UPA-II high on economy, to combat Maoism, corruption
Dispelling the impression of policy paralysis, Prime Minister Manmohan Singh Tuesday touted India's high economic growth and a sharp decline in poverty as key achievements of the UPA-II government, and singled out Maoism and corruption as major problems.
Manmohan Singh released the annual report of his United Progressive Alliance government at his 7 Race Course Road residence in the presence of UPA chairperson and Congress president Sonia Gandhi, party leaders and allies.
Rebuffing the opposition's criticism on various fronts, he vowed to prove critics wrong.
"We will be the first to say we need to do better. But let no one doubt that we have achieved much," the prime minister said in a brief speech in English.
With the government suffering from an image crisis triggered by a host of scams, the prime minister acknowledged that there is "public frustration and anger on the issue of corruption" and vowed "exemplary punishment" to the guilty.
"I wish to assure our people that we are working sincerely to address this issue through both legislative and administrative measures.
"Legislation is before parliament to establish a Lokpal, ensure time-bound delivery of goods and services and judicial accountability," he said.
"We are trying to ensure exemplary punishment to the guilty while also ensuring that public servants feel secure in taking bona fide decisions that are in the national interest."
Echoing Manmohan Singh, Gandhi stressed on the need for "transparent and accountable politics."
With an eye on the 2014 elections, Gandhi said the government will have to pursue inclusive economic growth to ensure more spending on social welfare programmes and asked the UPA combine to shun smugness and despondency.
Asking UPA colleagues to defeat negativity, the Congress chief asserted: "We will not let any body run down our achievements."
Saying internal security was "by and large been satisfactory", Manmohan Singh said the "scourge of Naxalism (Maoism) however continues to be a major problem".
But amid growing public wariness with soaring inflation and a host of problems, he showcased India's economic resilience and high growth rate as singular achievement of his government.
"Despite an adverse international environment, the (Indian) economy grew by about 7 percent in 2011-12, which is amongst the highest in the world," he said.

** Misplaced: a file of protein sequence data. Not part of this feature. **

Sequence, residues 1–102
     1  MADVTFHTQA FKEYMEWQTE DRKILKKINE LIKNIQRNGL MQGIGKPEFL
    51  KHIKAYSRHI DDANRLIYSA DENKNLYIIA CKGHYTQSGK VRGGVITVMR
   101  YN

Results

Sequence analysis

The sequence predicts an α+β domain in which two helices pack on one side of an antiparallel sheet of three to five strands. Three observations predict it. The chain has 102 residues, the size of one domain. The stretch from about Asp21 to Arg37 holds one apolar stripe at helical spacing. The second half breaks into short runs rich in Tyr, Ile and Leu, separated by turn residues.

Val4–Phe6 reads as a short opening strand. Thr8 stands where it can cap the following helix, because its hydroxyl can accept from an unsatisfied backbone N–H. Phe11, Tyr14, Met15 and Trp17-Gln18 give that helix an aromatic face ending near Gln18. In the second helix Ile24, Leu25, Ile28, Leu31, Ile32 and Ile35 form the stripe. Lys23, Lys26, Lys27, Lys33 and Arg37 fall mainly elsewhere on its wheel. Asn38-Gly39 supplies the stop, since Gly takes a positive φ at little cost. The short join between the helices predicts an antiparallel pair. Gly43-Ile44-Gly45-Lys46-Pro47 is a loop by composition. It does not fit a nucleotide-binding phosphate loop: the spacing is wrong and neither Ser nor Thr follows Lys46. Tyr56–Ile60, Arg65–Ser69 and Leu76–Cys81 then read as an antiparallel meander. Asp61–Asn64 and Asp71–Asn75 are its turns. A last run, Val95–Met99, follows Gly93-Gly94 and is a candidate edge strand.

"Sustained high rates of growth during the UPA government's tenure have enabled us to pursue our agenda of inclusive and equitable growth.
"Poverty has declined at twice the rate that it did before the UPA government's tenure."
He said the Mahatma Gandhi National Rural Employment Guarantee Scheme now reaches one out of five households in the country," he said while highlighting key initiatives that aim to "bring succour to the aam admi".
The prime minister cited a 3.3 percent in agricultural growth rate, rise in rural wages, disbursal of Rs.200,000 crore to marginal and small farmers, record food production, new power generation capacity of 20,000 MW, and a near universal primary school enrolment as other highlights of the third year of the UPA-II.
"Despite these real achievements, there are uncertainties and a large unfinished agenda before us," he said.
Manmohan Singh gave his government a positive review on foreign policy, citing improving ties with neighbours, particularly Bangladesh, Pakistan and Myanmar.
The gathering at the prime minister's residence in the heart of the capital included senior leaders of the Congress as well as its allies who form the multi-party UPA.
Also present was Mulayam Singh Yadav, whose Samajwadi Party extends outside support to the UPA. But Trinamool Congress Mamata Banerjee and DMK chief M. Karunanidhi sent only representatives.
Manmohan Singh first became prime minister in 2004. His second five-year tenure began in 2009.